Breathing is a wonder we take for granted. This is the first sentence of the essay titled AIR by Alan P Tory in his book ‘WONDER. Learning the “Ah” of things‘. I was struck by the poetic language that Alan uses and by the wise words of a Zen Master he shares, that we must learn to understand the “Ah” of things. To admire the works of art that surround us in everyday life. Through images, sound and excerpts of Alan’s text it is my turn to share the “Ah” of Air.
Today marks the third year anniversary of my exploration of the elements across the globe through my blog FireupWaterdown (https://fireupwaterdown.com). Seventy six posts later, it is timely to review the topics explored so far, which ones have been widely viewed and which less so, the connections I have made over the last three years, and to reflect on the question ‘when people want to learn about the elements, what do they search for?
The Occidental (western) New Year and the Oriental Year of the Rooster fall 28 days apart in 2017. Now two weeks into January, we sit nicely between them. The United Nations has adopted this year as the International Year of Sustainable Tourism for Development. Adding to these titles, I proclaim 2017 as the Year of The Elements. Please spread the word. It is time to raise our connection to nature to another level. To delight in its beauty and respect the powerful forces that nature can express. To better appreciate and care for our amazing planet. This post shares a selection of my personal experiences of the elements in the first 14 days of 2017. Fire and water predominate. Around the world people have engaged with the elements in their own way over the same period. In the year ahead I will continue my two blogs on the elements, fireupwaterdown.com and elementaljapan.com. I will also be experimenting with new ways to share the wonders of the elements that shape our world and our responses to it. I wish everyone a wonderful new year and look forward to others joining me on the elemental journey.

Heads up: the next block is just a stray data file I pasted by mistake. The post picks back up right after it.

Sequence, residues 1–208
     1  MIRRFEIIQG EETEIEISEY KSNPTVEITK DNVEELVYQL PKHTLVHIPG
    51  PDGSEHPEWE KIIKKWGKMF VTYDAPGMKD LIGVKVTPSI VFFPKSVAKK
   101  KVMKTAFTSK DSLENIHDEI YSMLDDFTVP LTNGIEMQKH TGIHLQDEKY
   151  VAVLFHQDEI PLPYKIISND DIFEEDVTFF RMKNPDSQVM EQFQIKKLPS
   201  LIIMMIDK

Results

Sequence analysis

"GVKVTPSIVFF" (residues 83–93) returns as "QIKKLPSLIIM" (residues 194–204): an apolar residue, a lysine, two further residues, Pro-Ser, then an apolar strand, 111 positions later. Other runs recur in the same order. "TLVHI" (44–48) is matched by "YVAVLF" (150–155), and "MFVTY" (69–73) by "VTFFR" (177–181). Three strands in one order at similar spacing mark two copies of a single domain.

It dawned on me today that it has been three months since I wrote a post on FireupWaterdown, my blog that explores the elements across the globe. Where has the time gone! Over that period I have written some posts on my ‘sister’ blog ‘Elemental Japan’ (elementaljapan.com), which I’d recommend visiting. Whether or not you have a specific interest in the elements in Japan, I like to think that you will find something to captivate you. Elsewhere in the world there are many elemental topics and events to catch up on. Like the upcoming extreme ice marathon in Siberia in January 2017. It builds perfectly on my most recent post ‘The cool dude on the bike‘. Then there was the spectacular sunrise over Hobart this morning and the sunset over kunanyi/Mt Wellington the other night. What glorious reminders of the elemental nature of our lives. Plus I’ve come across some stimulating ideas about representing and connecting with the elements through art. And that’s just the tip of the iceberg, so to speak. Continue reading